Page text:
Good Life

Helping Hands: Music can have powerful effect on memory

You are with your family member when the neurologist walks into the room, face drawn. She says, “No matter how many times I share this news it becomes no less difficult. You have Alzheimer’s disease.” Treatments are few and far between and don’t yet address many of the most challenging symptoms. You wonder what to do.

One powerful way to aid those with Alzheimer’s disease and other chronic illnesses of aging is through music. A familiar tune has the power to move our souls, lift our spirits and help us recollect good times with friends and family. Just how powerful an effect does music have on these listeners?

The film “Alive Inside” illustrates the extraordinary, palpable difference that providing music played via iPods made in the lives of people living with Alzheimer’s and other illnesses. So too, “Glen Campbell: I’ll Be Me” exhibits the significant effect that music can have on the life of a person living with Alzheimer’s disease (and his or her family).

“I’ll Be Me” chronicles Campbell’s final tour, which he and his family embarked on after he had been diagnosed with Alzheimer’s disease. Foxdale Village and Northwest Bank hosted a community screening of this moving film at the State Theatre in June.

Foxdale Village therapeutic recreation staff member Lora Herbst studied music therapy and brings the joy of music to residents living in the memory care neighborhoods. Herbst notes that “every day can hold a joyful surprise as residents continue to respond to music throughout the progression of Alzheimer’s disease.”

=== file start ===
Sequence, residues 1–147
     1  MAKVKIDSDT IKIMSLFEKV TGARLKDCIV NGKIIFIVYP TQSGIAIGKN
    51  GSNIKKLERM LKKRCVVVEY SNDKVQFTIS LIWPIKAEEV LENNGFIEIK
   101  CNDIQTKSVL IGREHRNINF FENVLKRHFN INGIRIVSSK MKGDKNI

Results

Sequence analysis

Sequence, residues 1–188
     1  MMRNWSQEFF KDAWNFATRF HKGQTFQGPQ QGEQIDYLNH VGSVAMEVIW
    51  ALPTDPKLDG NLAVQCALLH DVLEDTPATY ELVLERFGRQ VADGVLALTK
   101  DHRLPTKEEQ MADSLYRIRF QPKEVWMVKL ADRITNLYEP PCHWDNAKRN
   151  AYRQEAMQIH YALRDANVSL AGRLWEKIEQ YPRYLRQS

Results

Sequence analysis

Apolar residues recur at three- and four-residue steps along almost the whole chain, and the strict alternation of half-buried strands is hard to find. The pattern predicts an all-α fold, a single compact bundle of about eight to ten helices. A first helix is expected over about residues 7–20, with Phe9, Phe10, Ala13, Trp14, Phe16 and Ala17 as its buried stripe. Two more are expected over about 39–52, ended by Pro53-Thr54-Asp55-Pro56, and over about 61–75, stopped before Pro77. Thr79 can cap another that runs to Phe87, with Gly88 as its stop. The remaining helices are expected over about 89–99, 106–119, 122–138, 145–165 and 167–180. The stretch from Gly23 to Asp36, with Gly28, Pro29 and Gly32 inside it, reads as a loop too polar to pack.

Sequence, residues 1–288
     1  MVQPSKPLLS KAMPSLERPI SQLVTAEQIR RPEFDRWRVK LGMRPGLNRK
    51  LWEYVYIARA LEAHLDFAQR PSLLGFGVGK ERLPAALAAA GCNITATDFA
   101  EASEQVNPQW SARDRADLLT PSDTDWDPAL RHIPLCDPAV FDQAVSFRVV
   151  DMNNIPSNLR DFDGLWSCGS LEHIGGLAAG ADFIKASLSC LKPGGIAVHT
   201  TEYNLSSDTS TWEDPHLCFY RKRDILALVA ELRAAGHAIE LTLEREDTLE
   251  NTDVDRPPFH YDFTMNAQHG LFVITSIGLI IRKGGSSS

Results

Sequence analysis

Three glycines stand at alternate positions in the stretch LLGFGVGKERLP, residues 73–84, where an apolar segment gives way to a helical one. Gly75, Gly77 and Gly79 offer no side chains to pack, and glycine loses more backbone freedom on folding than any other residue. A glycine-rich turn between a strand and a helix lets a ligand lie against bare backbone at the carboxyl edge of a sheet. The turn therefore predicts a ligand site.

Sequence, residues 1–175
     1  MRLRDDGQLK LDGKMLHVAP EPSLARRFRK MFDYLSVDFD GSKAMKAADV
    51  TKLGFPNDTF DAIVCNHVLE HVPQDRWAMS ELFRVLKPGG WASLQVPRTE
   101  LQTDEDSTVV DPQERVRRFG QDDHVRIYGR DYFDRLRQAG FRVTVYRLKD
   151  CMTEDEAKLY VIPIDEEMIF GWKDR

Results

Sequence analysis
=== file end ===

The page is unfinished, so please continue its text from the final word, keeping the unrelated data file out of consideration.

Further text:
Herbst also indicates that “playing some relaxing piano music enhances the calm and soothing atmosphere, which helps reduce the agitation often experienced by memory-impaired individuals. Recorded swing music of the Big Band era provides motivation for simple exercise. Residents may sing and celebrate when they hear familiar songs, or recall memories that arouse tender feelings that would otherwise not have a voice.”

Because of its commitment to provide care, education and the highest quality of life for all, Foxdale has made a donation to support the research of Gong Chen, Willaman chair in life sciences at Penn State, who is investigating the potential for brain repair.

These are just some of the ways in which Foxdale offers helping hands to our residents and those in our community.

To learn more about Foxdale Village or ask questions about this information please contact Libby Mortensen, Foxdale’s director of residency planning and marketing, at 272-2119 or